There are those who want to make their Moto 360 as elegant as possible. Some prefer to be a bit silly. But for those who want to demonstrate just how gutsy they can get, there's nothing like showing off the heart and soul of your gear. If this sounds like you, Circuit Wear for the Moto 360 might be your next watch face. What you're looking at is a photo of the circuit board lodged a mere couple of millimeters behind the screen, and it really is pretty neat.
Android Wear is picking up steam with three devices currently available, and several more still dropping later this year. You'll be able to adorn your wrist with whatever kind of screen you want—square, round, slightly different square, slightly different round, and I'm sure many others. You'll want apps to make your screen of choice worth using, and that's where the Roundup comes in. Here are all the Wear apps that didn't suck from the last few weeks.
With the obvious exception of watch faces themselves, there aren't many parts of Android Wear that actually benefit from the round screens of the Moto 360 and the upcoming G Watch R - not even Google's official apps. A new and relatively humble tip calculator is the first Wear app I've seen that makes really excellent use of the extra radial space. It's called (appropriately) Wear Tip Calculator.
The app uses a circular design.
In a triumphant post to its blog today, Rackspace announced that Rotatable Technologies is now "an ex-patent troll." This new designation for Rotatable Technologies comes after the US Patent and Trademark Office declared its patent (6,326,978) unpatentable. Last year, Rotatable Technologies decided to go after Rackspace over the patent, demanding $75,000. Rackspace chose to fight not just the case but the patent itself.
What is patent 6,326,978? It was a patent covering "a display method for selectively rotating windows on a computer display including a window for a computer display having a frame and a display portion.
Nexus 4 owners, don't lose hope. Though your 2012 Google phone was cruelly looked over for the developer preview builds of Android L (along with everything that wasn't a Nexus 7 2013 or Nexus 5), sharp-eyed Google+ users have spotted two different Google employees posting on the Chromium section of code.google.com claiming to use the Nexus 4 with Android L. Check out this entry from a contributor with a Chromium.org email address, explicitly using the "LRW52G" build of Android on his or her N4.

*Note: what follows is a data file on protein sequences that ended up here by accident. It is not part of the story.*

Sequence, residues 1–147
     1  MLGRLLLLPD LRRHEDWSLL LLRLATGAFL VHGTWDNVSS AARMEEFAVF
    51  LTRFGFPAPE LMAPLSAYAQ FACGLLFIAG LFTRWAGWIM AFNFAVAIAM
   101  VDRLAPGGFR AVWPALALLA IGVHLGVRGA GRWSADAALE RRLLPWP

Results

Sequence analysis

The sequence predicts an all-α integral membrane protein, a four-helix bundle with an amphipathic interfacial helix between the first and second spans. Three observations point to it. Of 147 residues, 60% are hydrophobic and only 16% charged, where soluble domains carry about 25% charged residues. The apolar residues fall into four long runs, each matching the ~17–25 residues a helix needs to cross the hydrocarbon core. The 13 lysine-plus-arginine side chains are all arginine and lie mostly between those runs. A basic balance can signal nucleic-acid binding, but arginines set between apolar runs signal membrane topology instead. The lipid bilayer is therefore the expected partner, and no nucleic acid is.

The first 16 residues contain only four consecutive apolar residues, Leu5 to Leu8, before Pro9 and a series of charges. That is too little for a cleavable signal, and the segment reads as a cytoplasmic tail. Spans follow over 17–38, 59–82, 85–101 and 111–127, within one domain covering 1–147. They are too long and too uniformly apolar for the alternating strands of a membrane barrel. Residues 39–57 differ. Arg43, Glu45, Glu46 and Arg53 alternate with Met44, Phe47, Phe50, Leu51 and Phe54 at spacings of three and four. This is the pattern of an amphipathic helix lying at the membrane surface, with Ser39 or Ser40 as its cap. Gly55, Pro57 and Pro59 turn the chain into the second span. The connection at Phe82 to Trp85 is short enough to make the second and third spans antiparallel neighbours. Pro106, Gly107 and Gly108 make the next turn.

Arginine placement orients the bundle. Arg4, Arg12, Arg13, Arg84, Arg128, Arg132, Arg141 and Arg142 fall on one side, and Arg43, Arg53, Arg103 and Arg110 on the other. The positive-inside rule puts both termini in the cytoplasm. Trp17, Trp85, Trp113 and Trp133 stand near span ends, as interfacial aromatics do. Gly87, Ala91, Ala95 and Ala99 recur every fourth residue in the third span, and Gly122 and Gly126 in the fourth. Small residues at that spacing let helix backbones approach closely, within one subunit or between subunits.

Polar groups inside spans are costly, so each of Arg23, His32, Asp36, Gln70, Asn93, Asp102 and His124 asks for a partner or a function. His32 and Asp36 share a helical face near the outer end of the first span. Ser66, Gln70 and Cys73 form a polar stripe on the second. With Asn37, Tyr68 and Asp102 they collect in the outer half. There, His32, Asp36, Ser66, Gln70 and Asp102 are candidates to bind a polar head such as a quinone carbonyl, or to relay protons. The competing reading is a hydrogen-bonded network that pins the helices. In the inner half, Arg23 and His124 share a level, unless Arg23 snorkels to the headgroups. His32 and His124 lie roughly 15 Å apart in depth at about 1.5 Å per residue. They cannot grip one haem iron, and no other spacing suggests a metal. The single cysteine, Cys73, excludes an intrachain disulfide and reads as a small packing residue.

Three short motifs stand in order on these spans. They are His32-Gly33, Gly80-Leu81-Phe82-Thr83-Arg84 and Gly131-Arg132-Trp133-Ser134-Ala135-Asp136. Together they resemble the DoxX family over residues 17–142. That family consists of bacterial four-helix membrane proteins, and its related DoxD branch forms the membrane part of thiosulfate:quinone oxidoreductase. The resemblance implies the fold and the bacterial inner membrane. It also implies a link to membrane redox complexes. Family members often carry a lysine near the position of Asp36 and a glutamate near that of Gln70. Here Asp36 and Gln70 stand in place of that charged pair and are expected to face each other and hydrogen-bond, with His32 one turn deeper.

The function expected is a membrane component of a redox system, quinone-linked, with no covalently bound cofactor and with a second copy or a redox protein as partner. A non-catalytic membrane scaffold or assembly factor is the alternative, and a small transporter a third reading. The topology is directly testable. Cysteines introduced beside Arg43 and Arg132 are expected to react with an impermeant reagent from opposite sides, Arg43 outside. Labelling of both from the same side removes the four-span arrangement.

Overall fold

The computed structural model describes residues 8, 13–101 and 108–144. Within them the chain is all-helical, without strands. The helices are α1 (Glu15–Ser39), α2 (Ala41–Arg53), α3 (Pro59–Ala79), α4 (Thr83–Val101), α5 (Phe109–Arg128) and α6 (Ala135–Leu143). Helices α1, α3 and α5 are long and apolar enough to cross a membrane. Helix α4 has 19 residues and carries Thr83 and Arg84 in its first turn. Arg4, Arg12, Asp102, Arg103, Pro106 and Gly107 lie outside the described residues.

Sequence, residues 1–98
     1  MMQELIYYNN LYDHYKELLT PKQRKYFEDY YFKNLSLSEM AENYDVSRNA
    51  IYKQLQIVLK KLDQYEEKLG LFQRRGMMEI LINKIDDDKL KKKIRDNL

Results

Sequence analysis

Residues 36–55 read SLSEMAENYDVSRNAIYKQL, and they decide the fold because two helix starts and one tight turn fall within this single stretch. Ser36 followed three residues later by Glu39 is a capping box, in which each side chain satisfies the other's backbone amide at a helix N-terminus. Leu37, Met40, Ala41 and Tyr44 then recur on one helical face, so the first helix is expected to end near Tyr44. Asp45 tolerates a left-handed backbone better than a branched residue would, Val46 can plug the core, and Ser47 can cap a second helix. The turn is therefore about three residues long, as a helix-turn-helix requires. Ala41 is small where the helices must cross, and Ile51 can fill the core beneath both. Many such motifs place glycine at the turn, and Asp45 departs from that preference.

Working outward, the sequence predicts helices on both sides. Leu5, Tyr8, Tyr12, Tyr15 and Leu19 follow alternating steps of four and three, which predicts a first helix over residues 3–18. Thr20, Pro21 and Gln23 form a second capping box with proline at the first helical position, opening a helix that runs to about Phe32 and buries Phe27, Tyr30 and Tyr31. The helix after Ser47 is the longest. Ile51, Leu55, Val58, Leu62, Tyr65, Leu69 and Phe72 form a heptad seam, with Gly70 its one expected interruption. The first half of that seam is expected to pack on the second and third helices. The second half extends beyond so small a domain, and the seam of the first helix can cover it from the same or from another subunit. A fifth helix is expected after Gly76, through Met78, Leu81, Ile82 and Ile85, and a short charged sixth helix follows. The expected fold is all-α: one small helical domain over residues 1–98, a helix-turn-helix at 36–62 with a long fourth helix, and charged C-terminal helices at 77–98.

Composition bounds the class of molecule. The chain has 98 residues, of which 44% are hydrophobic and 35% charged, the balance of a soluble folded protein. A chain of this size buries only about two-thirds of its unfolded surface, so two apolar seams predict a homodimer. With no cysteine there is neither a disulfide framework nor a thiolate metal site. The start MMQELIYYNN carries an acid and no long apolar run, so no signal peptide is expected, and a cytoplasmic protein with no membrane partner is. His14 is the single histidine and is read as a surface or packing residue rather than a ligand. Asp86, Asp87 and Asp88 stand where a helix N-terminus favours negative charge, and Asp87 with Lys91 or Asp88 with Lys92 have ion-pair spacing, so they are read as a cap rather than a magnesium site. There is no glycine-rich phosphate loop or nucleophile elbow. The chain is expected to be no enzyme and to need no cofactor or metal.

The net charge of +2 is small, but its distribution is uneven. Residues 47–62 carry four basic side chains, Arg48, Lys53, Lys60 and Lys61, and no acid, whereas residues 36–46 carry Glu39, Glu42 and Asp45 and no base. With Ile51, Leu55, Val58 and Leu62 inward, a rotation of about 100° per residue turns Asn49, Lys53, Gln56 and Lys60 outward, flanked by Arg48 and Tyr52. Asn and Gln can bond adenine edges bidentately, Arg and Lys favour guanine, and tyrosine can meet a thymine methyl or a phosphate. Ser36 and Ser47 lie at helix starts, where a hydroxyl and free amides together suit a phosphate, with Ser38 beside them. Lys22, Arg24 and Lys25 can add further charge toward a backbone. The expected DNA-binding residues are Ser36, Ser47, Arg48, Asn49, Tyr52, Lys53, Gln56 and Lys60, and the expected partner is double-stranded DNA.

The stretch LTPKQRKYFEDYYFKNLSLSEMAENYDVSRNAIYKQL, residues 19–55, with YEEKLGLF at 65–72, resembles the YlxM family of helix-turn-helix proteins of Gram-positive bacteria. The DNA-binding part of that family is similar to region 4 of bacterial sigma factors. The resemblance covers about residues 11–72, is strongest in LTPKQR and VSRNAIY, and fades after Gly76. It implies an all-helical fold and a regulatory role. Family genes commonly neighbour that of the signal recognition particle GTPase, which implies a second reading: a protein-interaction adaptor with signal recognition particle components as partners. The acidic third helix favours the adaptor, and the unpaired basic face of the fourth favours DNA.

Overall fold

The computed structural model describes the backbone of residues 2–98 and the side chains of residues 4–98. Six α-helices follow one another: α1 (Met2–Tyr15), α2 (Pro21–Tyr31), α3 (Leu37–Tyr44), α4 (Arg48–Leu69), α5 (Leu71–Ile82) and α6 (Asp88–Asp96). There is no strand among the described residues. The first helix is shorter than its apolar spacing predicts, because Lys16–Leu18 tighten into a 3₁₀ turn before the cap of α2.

A couple of days ago, Google began rolling out the latest version of its Play services apk to the massive audience of Android users around the world. This is a particularly special release for developers because it finally expands coverage of the Google Fit Preview SDK to those who either don't have a Nexus 5 or 2013 Nexus 7, or simply aren't willing to flash the last L Preview firmware onto them.
There still isn't an official API for custom Android Wear watch faces, but there are plenty of them in the Play Store anyway. If none of those strike your fancy, perhaps because they don't account for the taller peek cards, Facer could be just what you want. This app lets you build and edit watch faces and sync them over to the watch in a snap. There's also a fast-growing community of users posting some really awesome designs.
At the Google I/O 2014 keynote, Sundar Pichai took to the stage to let us know that the L release of Android is set to make massive improvements in security for the enterprise as well as regular users. The Washington Post has received word from Google that gives us another glimpse of what we should expect in the next version. It seems that devices shipping with Android L will have disk encryption enabled by default.
Good day, readers. Here at Android Police, we wish to express our full and unequivocal support for the Ministry of Silly Walks, and the fine work that those men and women accomplish. It is a lamentable shame that the Ministry is continually overlooked in favor of less noble endeavors, such as National Defense, Housing, and Social Security. With a budget of only 348 million pounds per year, it's amazing that they manage to produce such instructive material as the official Ministry of Silly Walks Game.